The Roman Catholic Church grew out of the sixteenth century Catholic Counter-Reformation, which was a response to the Protestant Reformations. It was led by the Roman pope but was not limited to his participation. Catholics in Germany, England and elsewhere also supported the Counter-Reformation. In the modern sense of the term "Roman Catholic", the church "emerged" at a particularly painful moment in history. However, it was more of a metamorphosis, as are most historical events. Dan Brown collapses the modern structure of the Roman Catholic Church into the early church in Rome. The former has a political, theological, social and spiritual history that is related to the early church, especially through the continuous chain of bishops and some core beliefs about Christ. However, they are as different in structure, worldview and process as any two institutions could be.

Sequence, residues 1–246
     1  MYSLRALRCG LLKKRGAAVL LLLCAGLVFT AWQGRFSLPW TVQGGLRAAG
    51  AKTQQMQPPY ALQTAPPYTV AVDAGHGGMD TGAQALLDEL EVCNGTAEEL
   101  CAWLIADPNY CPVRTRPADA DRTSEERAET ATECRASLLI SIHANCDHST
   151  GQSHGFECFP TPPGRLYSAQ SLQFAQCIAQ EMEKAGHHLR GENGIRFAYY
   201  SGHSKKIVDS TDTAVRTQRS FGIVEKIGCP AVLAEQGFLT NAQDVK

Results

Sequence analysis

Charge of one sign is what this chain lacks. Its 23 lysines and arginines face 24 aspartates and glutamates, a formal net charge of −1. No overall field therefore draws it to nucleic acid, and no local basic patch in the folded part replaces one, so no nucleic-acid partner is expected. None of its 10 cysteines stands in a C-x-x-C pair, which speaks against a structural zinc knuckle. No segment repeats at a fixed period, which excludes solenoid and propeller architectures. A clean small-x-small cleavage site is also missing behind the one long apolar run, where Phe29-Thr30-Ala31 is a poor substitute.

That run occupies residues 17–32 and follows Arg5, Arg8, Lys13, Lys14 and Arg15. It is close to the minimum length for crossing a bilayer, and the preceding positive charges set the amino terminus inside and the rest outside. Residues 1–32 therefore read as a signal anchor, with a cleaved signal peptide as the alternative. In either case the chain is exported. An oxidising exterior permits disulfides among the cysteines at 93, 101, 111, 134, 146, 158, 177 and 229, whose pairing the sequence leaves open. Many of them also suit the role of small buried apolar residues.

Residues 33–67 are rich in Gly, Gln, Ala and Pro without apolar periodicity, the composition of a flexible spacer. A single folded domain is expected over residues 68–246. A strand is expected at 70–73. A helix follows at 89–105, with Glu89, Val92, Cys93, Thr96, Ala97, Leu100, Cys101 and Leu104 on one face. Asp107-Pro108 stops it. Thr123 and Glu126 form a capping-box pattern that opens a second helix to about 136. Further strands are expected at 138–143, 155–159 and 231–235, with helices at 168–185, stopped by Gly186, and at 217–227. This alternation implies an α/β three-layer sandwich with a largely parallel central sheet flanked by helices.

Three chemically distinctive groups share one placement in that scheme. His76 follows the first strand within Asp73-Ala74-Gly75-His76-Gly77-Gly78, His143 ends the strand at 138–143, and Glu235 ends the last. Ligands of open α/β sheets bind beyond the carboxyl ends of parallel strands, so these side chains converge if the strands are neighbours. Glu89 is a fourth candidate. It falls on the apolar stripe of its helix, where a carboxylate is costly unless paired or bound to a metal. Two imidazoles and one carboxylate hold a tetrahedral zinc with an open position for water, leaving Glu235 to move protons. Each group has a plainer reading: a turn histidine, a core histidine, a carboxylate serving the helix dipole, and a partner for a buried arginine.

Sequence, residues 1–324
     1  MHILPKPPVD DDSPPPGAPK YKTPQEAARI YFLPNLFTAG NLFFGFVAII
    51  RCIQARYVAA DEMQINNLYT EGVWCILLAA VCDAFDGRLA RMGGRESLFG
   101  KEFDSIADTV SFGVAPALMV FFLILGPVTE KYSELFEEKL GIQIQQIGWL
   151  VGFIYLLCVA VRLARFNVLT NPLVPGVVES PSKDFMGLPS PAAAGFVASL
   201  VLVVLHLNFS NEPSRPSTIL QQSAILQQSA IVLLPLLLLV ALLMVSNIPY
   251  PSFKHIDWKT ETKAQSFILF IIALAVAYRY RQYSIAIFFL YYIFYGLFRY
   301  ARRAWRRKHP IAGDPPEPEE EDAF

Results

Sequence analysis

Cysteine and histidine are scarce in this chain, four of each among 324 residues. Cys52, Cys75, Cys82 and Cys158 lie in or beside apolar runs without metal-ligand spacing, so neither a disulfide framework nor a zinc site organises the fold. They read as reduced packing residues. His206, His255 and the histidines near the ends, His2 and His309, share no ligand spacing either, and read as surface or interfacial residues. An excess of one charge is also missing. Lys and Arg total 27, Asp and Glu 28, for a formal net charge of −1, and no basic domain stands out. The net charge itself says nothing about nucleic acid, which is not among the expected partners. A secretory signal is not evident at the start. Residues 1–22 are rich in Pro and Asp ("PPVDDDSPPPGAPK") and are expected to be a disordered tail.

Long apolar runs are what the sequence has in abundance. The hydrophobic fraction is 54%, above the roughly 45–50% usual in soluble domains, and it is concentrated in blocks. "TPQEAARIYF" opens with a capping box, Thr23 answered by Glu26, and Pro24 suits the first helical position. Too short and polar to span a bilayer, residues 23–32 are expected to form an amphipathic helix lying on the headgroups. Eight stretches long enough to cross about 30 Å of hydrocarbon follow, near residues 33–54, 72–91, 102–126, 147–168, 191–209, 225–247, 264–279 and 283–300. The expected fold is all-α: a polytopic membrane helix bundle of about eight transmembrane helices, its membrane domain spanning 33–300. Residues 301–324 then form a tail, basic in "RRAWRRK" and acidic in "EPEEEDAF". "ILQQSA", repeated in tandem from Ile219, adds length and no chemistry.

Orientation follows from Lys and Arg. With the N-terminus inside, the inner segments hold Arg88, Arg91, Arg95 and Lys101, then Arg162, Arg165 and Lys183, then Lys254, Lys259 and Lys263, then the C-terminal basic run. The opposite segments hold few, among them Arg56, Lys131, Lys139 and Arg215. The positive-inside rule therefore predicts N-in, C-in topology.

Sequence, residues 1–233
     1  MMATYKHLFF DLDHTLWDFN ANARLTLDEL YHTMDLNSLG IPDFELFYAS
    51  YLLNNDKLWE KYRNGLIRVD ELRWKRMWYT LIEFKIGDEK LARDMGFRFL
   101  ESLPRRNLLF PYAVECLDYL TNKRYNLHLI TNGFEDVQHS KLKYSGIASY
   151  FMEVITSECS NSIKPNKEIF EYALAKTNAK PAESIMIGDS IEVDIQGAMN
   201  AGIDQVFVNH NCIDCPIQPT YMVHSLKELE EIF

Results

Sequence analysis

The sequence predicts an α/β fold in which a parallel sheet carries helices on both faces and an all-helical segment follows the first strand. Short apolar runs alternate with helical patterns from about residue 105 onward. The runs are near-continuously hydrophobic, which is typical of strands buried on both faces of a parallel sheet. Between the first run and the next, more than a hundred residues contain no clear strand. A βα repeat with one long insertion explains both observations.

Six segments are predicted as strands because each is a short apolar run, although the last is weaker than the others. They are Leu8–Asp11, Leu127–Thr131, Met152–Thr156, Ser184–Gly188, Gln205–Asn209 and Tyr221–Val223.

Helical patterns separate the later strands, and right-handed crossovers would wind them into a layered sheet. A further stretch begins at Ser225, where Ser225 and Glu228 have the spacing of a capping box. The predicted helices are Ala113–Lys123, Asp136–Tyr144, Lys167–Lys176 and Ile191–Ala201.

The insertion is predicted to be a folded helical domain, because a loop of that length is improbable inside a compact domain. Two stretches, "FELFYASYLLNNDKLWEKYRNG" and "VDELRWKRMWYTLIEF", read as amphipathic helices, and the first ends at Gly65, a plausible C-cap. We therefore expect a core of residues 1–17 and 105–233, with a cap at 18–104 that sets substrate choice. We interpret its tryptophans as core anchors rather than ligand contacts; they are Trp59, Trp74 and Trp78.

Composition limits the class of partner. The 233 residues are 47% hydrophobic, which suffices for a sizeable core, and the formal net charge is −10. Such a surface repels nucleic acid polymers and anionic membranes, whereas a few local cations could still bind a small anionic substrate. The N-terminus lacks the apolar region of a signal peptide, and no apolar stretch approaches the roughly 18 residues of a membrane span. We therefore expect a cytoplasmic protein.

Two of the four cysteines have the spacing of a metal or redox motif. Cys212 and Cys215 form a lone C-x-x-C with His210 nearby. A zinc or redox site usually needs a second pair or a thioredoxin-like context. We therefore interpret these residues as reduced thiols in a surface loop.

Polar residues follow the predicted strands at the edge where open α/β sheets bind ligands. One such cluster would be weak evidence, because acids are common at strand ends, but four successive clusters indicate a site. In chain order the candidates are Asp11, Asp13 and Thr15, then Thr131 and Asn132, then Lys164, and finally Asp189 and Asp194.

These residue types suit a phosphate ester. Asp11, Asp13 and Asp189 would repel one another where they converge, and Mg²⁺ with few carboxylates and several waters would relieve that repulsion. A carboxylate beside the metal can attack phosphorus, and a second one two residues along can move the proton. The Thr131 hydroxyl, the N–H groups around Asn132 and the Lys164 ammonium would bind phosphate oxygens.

These are just two examples of why The Da Vinci Code cannot be read as a theory that "fits" within the real history of the Catholic Church, Roman or otherwise. From the questions I have been asked, I realize that many readers are unclear about what to take seriously since the publication information is at odds with Brown's claims. That is, on the fly leaf, where the publication information is printed, the publisher acknowledges that "All of the characters and events in this book are fictitious, and any resemblance to actual persons, living or dead, is purely coincidental." Publishers print these disclaimers in order to protect themselves from lawsuits. If Dan Brown had let that statement stand alone, as do most fiction writers, there would probably be little confusion about the historical truthfulness of the book. But a statement he makes on the page prior to the prologue is misleading. He writes: "All descriptions of artwork, architecture, documents, and secret rituals in this novel are accurate." Long before Brown's book hit the market, I spent many hours studying the Last Supper. I have only one noteworthy observation about the author's conclusion that John the Evangelist is actually Mary Magdalen: Brown does a stylistic reading of the picture. If you follow his logic, you will notice something that would seem important, especially to Brown, which he does not mention. According to his criteria for what constitutes a female figure, Jesus must be a woman, as well. Given some of the book's other pointless descriptions and embarrassing clichés, I am somewhat surprised that he did not suggest this. I wonder whether the sequel will depict Jesus and Mary as a lesbian couple.